For failing to secure the victory with just seconds to go in their match against Portugal, the United States of America are still not safe in advancing to the next round. A win over Germany on June 26 will settle the deal although a draw could be enough for the Americans to make the knockout stage.
The latter scenario invokes the theory that both Germany and USA will take each other lightly come Saturday and there are talks that the match is already fixed.
This has also provoked soccer fans—most likely from Portugal and Ghana—to point to a previous match-fixing incident in the World Cup with similar scenario: West Germany vs. Austria way back in 1982.
For West Germany and Austria to advance from the group stages then, the former had to win by 2 goals or less. A draw or a West Germany win by 3 or more goals would have meant Austria getting the boot and Algeria replacing them as the qualifiers for the group.
“It was not to be... the West German team quickly scored a goal and then, as football fans at the stadium and in their homes howled their displeasure, both teams seemed to sit back and kick the ball around for the remainder of the game, with nobody making a serious effort to score! The game ended with a 1-0 West German win, and both West Germany and Austria moved on while the proud Desert Foxes of Algeria were relegated to the also-rans,” recounted Algeria.com in an aptly-titled article, “The Game that Changed the World Cup”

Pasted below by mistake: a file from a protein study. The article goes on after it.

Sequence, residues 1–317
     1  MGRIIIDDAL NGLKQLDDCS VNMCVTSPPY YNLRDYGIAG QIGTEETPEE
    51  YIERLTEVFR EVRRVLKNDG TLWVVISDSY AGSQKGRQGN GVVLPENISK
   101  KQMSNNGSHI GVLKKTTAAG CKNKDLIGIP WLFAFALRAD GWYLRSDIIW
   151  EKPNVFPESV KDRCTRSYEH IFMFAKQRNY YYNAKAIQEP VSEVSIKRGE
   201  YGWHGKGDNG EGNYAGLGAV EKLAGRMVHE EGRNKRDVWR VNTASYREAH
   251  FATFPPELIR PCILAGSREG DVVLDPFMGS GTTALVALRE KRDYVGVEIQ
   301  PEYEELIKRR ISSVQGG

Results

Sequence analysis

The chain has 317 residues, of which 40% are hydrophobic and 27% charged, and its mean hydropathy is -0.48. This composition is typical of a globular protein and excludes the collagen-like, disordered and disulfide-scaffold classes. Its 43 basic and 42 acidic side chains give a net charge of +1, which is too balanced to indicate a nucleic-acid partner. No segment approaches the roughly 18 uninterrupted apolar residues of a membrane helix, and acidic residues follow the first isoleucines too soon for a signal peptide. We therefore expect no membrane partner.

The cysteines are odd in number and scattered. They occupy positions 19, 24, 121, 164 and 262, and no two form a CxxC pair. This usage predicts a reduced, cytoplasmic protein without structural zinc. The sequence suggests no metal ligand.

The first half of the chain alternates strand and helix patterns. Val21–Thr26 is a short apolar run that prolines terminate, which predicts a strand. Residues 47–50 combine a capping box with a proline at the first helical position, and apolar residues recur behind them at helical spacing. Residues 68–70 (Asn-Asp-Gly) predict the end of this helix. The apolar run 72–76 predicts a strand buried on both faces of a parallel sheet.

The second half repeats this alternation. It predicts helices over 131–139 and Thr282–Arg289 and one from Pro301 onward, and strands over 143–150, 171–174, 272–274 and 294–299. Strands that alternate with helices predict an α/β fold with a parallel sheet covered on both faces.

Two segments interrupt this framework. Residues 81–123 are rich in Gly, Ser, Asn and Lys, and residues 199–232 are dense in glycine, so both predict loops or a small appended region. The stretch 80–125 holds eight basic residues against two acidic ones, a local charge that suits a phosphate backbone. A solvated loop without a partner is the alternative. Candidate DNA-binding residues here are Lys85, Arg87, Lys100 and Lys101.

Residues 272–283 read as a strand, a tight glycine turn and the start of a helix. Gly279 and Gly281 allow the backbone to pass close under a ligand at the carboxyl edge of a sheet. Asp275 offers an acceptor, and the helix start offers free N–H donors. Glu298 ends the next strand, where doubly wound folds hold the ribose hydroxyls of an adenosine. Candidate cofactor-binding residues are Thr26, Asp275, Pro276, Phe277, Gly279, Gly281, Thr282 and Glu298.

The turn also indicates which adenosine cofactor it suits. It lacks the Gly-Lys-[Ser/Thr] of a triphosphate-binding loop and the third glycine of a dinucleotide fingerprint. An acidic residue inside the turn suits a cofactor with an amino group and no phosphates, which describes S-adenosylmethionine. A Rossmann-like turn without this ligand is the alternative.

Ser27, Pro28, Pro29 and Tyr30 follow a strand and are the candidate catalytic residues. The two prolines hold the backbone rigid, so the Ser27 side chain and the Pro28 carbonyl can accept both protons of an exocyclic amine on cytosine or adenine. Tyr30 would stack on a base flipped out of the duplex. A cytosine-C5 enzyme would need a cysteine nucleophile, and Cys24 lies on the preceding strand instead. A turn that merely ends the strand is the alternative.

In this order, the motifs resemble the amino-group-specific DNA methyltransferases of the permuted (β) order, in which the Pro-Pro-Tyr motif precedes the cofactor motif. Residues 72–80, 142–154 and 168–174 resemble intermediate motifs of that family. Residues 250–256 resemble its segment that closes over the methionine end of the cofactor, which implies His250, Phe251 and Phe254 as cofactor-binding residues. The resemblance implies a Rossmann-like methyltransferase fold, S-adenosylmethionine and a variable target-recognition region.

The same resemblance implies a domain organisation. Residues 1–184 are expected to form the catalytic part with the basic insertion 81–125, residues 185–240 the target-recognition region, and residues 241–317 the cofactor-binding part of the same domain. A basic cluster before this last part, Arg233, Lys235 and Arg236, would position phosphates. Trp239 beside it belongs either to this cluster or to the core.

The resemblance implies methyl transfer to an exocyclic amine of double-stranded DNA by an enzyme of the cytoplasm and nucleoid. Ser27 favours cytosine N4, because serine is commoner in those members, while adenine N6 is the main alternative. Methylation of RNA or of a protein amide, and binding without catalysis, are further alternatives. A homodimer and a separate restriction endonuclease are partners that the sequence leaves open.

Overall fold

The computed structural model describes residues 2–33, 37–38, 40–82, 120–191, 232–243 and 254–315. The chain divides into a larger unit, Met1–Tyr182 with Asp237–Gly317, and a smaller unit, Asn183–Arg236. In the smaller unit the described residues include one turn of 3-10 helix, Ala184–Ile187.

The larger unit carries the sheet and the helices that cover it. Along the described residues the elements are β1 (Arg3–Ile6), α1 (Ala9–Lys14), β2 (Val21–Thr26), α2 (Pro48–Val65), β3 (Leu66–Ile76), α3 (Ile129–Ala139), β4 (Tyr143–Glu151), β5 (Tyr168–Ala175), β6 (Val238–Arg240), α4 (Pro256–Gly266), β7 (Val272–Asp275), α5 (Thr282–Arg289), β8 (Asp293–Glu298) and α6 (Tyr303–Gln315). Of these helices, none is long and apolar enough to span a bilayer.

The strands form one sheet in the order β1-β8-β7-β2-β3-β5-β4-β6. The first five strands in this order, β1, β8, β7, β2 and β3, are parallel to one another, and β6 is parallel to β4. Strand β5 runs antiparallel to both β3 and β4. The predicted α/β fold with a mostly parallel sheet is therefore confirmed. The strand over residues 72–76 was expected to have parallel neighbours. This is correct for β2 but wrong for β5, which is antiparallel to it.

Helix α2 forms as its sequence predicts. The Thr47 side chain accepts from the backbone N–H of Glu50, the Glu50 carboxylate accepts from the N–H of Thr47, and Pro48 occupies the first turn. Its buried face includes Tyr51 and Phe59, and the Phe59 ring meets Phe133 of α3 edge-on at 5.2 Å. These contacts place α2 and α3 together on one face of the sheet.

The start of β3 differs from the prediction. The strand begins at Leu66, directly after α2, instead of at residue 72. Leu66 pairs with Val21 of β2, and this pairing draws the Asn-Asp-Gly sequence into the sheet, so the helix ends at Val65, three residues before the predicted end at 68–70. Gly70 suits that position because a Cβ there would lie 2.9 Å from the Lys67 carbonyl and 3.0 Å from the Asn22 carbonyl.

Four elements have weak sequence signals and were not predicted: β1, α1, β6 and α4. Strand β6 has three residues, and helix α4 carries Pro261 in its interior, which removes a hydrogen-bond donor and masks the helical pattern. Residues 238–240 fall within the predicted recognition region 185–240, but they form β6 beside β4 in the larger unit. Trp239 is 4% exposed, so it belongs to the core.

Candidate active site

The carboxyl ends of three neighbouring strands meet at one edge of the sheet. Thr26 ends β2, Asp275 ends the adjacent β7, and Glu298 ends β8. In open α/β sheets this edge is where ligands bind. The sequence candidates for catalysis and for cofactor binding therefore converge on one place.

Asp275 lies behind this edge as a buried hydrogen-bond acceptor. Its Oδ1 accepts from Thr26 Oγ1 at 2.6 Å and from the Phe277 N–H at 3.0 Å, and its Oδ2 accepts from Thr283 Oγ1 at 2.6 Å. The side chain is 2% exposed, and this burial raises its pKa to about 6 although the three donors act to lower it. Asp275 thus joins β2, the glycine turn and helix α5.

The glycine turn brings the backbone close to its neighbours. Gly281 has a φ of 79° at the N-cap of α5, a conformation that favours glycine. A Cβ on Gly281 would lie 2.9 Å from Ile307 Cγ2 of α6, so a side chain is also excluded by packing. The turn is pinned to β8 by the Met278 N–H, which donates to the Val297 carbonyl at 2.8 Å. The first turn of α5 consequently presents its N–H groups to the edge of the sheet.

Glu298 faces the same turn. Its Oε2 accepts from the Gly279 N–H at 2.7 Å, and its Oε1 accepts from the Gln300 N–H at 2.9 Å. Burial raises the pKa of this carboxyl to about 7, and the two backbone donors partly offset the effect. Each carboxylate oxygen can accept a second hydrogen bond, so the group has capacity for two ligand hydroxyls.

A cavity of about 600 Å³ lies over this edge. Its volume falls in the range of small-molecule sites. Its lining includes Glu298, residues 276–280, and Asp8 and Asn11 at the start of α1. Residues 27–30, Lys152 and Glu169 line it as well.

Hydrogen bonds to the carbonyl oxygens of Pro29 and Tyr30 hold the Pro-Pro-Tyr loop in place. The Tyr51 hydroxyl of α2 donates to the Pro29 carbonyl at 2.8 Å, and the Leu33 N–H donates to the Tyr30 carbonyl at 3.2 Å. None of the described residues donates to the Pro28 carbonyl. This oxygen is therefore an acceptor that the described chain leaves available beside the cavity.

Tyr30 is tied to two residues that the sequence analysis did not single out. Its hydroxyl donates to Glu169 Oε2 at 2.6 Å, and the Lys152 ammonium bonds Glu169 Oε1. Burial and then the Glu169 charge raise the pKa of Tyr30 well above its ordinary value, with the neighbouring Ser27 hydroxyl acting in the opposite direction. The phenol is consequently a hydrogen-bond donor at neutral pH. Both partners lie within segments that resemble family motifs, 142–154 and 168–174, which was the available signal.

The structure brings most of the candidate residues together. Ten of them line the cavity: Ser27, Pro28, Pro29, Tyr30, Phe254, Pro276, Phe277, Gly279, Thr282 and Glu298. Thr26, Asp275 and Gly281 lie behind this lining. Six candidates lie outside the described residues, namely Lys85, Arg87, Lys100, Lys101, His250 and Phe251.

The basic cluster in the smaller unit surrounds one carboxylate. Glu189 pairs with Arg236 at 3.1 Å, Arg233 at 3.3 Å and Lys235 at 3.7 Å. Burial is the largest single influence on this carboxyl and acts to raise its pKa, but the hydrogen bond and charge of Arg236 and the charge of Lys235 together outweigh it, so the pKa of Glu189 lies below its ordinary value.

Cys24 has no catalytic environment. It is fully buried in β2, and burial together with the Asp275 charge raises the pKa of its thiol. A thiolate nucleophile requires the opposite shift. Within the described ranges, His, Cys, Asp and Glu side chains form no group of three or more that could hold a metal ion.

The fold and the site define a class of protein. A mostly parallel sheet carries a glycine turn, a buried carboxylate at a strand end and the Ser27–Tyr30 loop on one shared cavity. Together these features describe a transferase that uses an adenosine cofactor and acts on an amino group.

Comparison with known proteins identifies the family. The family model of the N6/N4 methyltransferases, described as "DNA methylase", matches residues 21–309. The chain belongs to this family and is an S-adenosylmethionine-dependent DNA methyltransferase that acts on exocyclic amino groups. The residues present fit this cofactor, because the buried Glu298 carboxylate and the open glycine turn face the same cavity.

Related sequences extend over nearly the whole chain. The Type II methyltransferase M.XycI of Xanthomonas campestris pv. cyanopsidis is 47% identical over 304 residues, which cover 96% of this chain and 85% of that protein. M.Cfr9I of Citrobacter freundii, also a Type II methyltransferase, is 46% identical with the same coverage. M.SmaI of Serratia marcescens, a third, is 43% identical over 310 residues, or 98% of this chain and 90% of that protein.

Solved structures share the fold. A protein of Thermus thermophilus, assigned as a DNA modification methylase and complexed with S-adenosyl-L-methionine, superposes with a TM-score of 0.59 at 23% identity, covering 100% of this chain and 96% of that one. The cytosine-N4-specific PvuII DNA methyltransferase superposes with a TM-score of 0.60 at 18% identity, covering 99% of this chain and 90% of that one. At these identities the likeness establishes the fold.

“The outcry that ensued was heard at the upper reaches of the FIFA hierarchy, which pledged that never again would matches be so grossly manipulated. At the 1986 World Cup, a new qualification system was unveiled that ensured that the final pair of games in each group were played on the same day, with the same starting times.”
32 years later, Germany and USA (and this year’s Algeria: Ghana and/or Portugal) find themselves in a similar scenario. A draw will mean both will advance to the next round but a loss for either team could mean elimination depending on the result of the Portugal-Ghana match.
"There's no such call," US head coach Jurgen Klinsmann said to Yahoo Sports about match-fixing allegations. “Jogi is doing his job and I'm doing my job. I'm going to do everything to get to the round of 16. That's what I'm going to do. There's no time to have friendship calls. It's about business now."
Klinsmann, a former German national team player and coach is referring to his former ward Joachim Low, who took over the German helm when Klinsmann left in 2006.
Fighting words for a huge match-up but all soccer fans are hoping that both squads won’t channel their inner West Germany-Austria at the expense of the integrity of the sport.